Volume 5, 2021

Radiation Detectors


Alexander Macris, Kevin McKay, William Charlton, Cheryl Brabec, Sheldon Landsberger

Pages: 104–109

DOI: 10.21175/RadProc.2021.20

For radiological neutron surveying, neutron detectors require shielding to minimize contributions from sources outside the area of interest. To test the effectiveness of such a shield, Monte Carlo N-Particle Transport Codes (MCNP) were used to model a neutron detector so that the effectiveness of such a shield design could be explored. In this research, MCNP models of a 10B/ZnS detector within a shield were developed and compared to experimental results. By carefully modeling the specifics of the neutron detector as well as the neutron source used in the experiments, the simulation was able to accurately predict the experimental results within 20%.
  1. Neutron Detector Suitable for Second Line of Defense Program, Bridgeport Instruments LLC, Austin, TX, USA, 2020.
    Retrieved from: http://bridgeportinstruments.com/products/neutron/ndet_2x24_r1.pdf
    Retrieved on: August 20, 2021.
  2. P. A. Söderström et al., “Characterization of a Plutonium-Beryllium Neutron Source,” Applied Radiation and Isotopes, vol. 167, article no. 109441, Jan. 2021.
    DOI: https://doi.org/10.1016/j.apradiso.2020.109441
    PMid: 33002762
  3. S. F. Mughabghab, Thermal Neutron Capture Cross Sections Resonance Integrals and G-Factors , Rep. INDC(NDS)-440, IAEA, Vienna, Austria, 2003.
    Retrieved from: https://inis.iaea.org/collection/NCLCollectionStore/_Public/34/020/34020739.pdf?r=1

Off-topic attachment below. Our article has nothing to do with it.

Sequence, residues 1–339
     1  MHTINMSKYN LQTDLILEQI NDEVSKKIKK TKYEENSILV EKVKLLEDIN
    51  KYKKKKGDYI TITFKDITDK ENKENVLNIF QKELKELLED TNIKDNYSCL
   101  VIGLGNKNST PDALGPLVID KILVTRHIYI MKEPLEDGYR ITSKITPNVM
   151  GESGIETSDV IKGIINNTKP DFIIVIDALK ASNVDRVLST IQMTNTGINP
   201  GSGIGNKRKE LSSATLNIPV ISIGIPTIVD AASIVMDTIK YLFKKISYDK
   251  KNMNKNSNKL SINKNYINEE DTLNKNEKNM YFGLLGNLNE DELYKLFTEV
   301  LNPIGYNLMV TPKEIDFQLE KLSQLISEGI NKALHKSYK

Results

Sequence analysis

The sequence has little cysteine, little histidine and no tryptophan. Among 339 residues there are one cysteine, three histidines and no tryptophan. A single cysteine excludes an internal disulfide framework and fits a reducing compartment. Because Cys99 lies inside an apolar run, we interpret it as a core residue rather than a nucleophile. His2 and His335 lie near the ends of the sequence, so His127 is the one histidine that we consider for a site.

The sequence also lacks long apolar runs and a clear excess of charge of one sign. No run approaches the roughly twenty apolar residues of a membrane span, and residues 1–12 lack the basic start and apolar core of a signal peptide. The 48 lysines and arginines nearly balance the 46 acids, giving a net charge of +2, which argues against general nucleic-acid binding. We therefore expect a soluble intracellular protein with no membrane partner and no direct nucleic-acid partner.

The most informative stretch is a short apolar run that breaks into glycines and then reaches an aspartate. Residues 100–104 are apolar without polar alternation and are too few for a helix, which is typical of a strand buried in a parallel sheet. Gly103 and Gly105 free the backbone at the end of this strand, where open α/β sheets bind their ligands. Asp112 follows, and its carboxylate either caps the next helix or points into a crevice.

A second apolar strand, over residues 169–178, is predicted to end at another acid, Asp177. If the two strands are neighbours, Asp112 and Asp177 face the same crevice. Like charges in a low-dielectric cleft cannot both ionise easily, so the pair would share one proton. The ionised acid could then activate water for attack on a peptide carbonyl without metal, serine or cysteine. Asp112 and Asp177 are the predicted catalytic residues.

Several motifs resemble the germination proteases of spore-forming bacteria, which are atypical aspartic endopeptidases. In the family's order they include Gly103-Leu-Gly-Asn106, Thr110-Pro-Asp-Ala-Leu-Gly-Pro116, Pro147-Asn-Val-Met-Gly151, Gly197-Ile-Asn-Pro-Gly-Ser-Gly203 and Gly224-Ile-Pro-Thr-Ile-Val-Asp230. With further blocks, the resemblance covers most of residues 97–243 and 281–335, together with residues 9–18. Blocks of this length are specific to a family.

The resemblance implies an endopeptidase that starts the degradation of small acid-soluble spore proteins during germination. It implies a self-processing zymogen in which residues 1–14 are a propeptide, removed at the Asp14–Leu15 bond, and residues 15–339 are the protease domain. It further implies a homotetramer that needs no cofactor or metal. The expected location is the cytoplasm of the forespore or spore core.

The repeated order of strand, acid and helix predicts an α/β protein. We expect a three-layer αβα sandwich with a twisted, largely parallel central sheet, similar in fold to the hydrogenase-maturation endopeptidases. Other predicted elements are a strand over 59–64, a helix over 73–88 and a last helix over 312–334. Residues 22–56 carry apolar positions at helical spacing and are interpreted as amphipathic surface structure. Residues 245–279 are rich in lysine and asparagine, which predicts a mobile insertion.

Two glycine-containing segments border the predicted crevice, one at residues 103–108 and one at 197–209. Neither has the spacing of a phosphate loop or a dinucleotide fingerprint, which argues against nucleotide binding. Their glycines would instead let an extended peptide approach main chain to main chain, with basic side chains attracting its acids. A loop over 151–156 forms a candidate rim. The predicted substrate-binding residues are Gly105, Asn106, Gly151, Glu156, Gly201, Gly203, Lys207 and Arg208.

Retrieved on: Sep. 17, 2021
  4. K. Guzman-Garcia et al., “10B+ZnS(Ag) as an Alternative to 3He-Based Detectors for Radiation Portal Monitors,” EPJ Web of Conferences, vol. 153, article no. 07008, 2017.
    DOI: https://doi.org/10.1051/epjconf/201715307008
  5. Atlas of Neutron Capture Cross Sections , Evaluated Data Library, IAEA, Vienna, Austria, 2010.
    Retrieved from: https://www.iaea.org/resources/databases/atlas-of-neutron-capture-cross-sections
    Retrieved on: August 20, 2021
  6. Compendium of Material Composition Data for Radiation Transport Modeling , Rep. 200-DMAMC-128170 PNNL-15870, Rev. 2, Pacific Northwest National Laboratory, Richland, WA, USA, Apr. 2021.
    Retrieved from: https://www.pnnl.gov/main/publications/external/technical_reports/PNNL-15870Rev2.pdf
    Retrieved on: August 20, 2021
  7. W.B. Wilson et al., SOURCES 4A: A Code for Calculating (α, n), Spontaneous Fission, and Delayed Neutron sources and Spectra , Rep. LA-13639-MS, Los Alamos National Laboratory, Los Alamos, New Mexico, USA, 1999.
    DOI: https://doi.org/10.2172/15215
  8. J. K. Shultis., R. E. Faw, An MCNP Primer, Kansas State University, Manhattan, KS, USA, 2011.
    Retrieved from: https://www.mne.k-state.edu/~jks/MCNPprmr.pdf
    Retrieved on: August 20, 2021
  9. M.S. Dewey, H.P. Mumm, “Calibrations: Neutron Source Strength,” National Institute of Standards and Technology, U.S. Department of Commerce, Gaithersburg, MD, USA 2010.
    Retrieved from: https://www.nist.gov/programs-projects/calibrations-neutron-source-strength
    Retrieved on: November 18, 2021
  10. H.R. Vega-Carrillo et al. “Characterization of a 239PuBe Isotopic Neutron Source,” in Proceedings of the ISSSD, IAEA, Vienna, Austria, 2012.
    Retrieved from: https://inis.iaea.org/collection/NCLCollectionStore/_Public/44/026/44026243.pdf
    Retrieved on: November 18, 2021
Alexander Macris, Kevin McKay, William Charlton, Cheryl Brabec, Sheldon Landsberger, "Development of an mcnp model of a boron-10 zinc sulfide silver-activated [10B/ZnS(Ag)] detector and directional shielding using radiation counting", RAD Conf. Proc, vol. 5, 2021, pp. 104–109, http://doi.org/10.21175/RadProc.2021.20